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Thread: Which First?

  1. #1

    Which First?

    Hi All

    I am soon to be granted my FAC. I have put in for 17HMR 243 and 308.
    Not having the money to buy all three at once which would you suggest I get between 243 and 308? I am looking at tikka t3 stainless.

    Regards Steve

  2. #2
    Depends on your type of shooting? Woodland close range .243, Hill stalking and bigger beasts .308.

  3. #3
    SD Regular willie_gunn's Avatar
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    Steve

    If it helps, I use a .308 on everything from muntjac and roe to red. It also works well on wild boar I'm told.

    I've yet to find a rational reason to buy another deer rifle - plenty of irrational ones mind you....

    willie_gunn

  4. #4
    Save your money and don't bother with the .243 at all (I'm sure many will disagree )

    You can make the .308 do anything with correct cartridge choice.

    Better still, ditch them both for a 6.5 (here we go again!) Sorry, the .308 is a great cartridge, go with that one and you'll be set up for anything.

  5. #5
    i second frax do you really need 2 deer rifles just go with the .308 dont be put off by it being to big for smaller deer i.e. roe as you cant over kill anything it only die's once and the meat damage is no different to that of a .243 or even just get the .243 i wouldnt bother with both but if it was my choice and having owned both calibers i would go .308

  6. #6
    The 243 must be one of the most versatile calibres out there? Load up 55gr for varmints and as we are told, 100gr for deer species. Fast and flat with little or no recoil.
    308 a great round but I think a bit of overkill on small vermin, had one and dropped down to the 243 as I was shooting more foxes.
    If you only had one choice for all seasons you would have to consider the 243.
    Save the money you are going to spend on a 308, scope, mod? and bipod? and put some of it towards upgrading the 243 outfit and you will still have money left over.
    Cheers

  7. #7
    The 243 must be one of the most versatile calibres out there? Load up 55gr for varmints and as we are told, 100gr for deer species. Fast and flat with little or no recoil.
    308 a great round but I think a bit of overkill on small vermin, had one and dropped down to the 243 as I was shooting more foxes.
    If you only had one choice for all seasons you would have to consider the 243.
    Save the money you are going to spend on a 308, scope, mod? and bipod? and put some of it towards upgrading the 243 outfit and you will still have money left over.
    Cheers

  8. #8
    I have .308, .243 and have recently added a .223 also. I think your choice needs to be led by the following questions..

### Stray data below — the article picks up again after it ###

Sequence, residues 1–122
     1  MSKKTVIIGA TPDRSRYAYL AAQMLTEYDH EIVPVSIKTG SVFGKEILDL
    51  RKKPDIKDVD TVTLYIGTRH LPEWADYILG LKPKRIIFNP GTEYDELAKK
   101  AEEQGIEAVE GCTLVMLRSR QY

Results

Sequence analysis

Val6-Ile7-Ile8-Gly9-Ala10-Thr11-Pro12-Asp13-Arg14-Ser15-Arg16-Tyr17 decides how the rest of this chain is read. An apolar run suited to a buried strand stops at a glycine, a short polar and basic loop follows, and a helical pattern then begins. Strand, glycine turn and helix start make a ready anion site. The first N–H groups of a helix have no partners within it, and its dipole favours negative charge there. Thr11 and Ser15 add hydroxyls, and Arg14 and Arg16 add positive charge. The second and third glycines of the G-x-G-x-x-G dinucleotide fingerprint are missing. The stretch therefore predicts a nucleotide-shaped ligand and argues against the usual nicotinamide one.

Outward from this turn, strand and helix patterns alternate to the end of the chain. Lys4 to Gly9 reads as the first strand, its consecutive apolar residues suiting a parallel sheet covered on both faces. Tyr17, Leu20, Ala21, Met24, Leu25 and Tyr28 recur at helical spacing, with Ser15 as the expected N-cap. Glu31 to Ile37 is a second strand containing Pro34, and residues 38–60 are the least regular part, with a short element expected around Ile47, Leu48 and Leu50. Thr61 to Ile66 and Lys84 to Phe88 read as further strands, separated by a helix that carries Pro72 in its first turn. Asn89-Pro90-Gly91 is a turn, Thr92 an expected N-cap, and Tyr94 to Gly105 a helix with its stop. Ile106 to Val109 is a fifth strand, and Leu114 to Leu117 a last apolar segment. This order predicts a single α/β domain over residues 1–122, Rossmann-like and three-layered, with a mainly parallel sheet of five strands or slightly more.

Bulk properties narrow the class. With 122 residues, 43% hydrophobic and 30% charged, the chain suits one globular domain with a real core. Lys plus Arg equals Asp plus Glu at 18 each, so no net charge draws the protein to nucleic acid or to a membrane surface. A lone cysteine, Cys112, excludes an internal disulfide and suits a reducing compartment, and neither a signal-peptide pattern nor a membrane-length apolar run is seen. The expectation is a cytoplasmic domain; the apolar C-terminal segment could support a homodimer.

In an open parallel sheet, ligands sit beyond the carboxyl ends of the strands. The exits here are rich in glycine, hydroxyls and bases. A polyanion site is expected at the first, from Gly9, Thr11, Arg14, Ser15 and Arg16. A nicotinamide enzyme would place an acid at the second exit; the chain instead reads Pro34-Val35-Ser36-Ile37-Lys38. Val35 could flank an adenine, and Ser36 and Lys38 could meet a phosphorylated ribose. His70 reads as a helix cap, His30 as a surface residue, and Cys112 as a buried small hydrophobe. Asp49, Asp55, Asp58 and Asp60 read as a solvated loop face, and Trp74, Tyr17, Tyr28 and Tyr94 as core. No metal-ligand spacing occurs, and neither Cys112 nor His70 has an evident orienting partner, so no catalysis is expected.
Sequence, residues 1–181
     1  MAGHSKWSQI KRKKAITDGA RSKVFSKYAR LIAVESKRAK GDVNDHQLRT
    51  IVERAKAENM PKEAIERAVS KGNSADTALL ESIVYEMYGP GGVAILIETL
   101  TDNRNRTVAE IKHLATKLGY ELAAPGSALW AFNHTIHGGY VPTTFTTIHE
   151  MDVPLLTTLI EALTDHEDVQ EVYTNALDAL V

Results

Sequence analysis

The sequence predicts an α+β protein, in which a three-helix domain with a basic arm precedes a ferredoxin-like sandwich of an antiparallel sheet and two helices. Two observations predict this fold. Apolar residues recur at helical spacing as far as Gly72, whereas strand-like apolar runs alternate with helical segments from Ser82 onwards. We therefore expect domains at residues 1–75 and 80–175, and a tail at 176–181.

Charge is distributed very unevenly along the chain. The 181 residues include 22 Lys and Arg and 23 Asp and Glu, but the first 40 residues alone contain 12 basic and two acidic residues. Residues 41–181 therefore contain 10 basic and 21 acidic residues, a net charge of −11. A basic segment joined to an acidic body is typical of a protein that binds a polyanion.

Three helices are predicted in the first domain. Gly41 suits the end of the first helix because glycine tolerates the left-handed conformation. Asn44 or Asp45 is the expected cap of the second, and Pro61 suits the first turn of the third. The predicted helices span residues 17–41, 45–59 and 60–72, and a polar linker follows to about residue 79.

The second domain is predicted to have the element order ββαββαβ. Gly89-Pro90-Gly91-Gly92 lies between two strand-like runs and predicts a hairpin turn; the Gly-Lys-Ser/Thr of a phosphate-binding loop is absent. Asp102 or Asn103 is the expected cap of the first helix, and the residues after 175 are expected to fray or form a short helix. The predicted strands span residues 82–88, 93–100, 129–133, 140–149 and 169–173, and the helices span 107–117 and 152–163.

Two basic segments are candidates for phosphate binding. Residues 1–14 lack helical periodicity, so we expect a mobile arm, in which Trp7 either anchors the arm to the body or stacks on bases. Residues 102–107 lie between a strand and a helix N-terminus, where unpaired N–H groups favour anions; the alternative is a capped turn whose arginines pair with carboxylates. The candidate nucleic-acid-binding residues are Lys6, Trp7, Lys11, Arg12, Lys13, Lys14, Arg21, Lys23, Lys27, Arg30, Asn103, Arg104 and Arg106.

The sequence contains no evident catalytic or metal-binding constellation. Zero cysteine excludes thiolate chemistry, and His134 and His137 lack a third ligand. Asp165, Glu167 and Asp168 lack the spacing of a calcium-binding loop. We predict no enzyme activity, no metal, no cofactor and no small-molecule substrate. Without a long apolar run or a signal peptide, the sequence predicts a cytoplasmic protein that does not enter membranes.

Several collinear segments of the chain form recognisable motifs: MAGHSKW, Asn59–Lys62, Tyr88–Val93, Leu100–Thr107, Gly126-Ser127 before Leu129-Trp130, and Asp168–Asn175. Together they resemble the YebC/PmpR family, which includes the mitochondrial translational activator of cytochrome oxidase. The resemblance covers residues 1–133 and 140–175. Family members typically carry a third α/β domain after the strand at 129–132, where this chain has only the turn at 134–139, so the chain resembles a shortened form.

What will you be shooting with it on your own ground?
    I have fox, munti, roe and occasional fallow and any rifle I have is more than capable of dropping any of them on the spot with correct bullet choice and shot placement. At certain times of the year the land is literally covered with livestock and many foxes are shot in amongst the sheep/lambs – probably wouldn’t choose the .308 for that, even the .243 with 55gn ballistic tips has some pass throughs, that’s why the .223 has been added. However the .308 has taken a few foxes and certainly does the trick, with 125gn b tips it shoots 1” high at 100 and 1” low at 200. With 55gn ballistic tips the .243 is like a death laser out to 300m, but the weapon of choice at the moment is the little .223.

    What invites will you be getting, and what would your host prefer you to use?
    I get a few invites a year and for some the .243 would probably not be as welcome as the .308, especially for the larger deer that are sometimes encountered. If I am going specifically to shoot deer I take the .308 every time and if I was taking a complete novice I would definitely put the .308 in their hand to get their first one on the ground – quicker the better. Saying that, there are people out there who prefer the smaller calibers and the chance to give their dog some work!

  9. #9
    Well said Bucksden,
    223 and 308 are very practical to have and cover most things.
    These two calibers have two big advantages over some other calibers, one can buy loads of cheap ammunition and they have a great barrel life.
    This allows one to practice plenty which in turn mostly leads to better shot placement. I enjoy my 308 and every now and then throw up a target in any old field at around 300m. Quite consistent now at hitting the 4" circle at that distance even in field conditions.

    edi

  10. #10

    which first

    Hi Fellas

    Thanks for the replies. The 17hmr is already on order as I have plenty of rabbits and foxes to take out. The 243 is a rifle I have used for all the fallow that surround me and the 308 for the boar we have locally. I suppose sense says to get the 308 first as this covers both deer and boar. I have to admit to not firing this calibre yet so I cant compare it!

    Regards Steve

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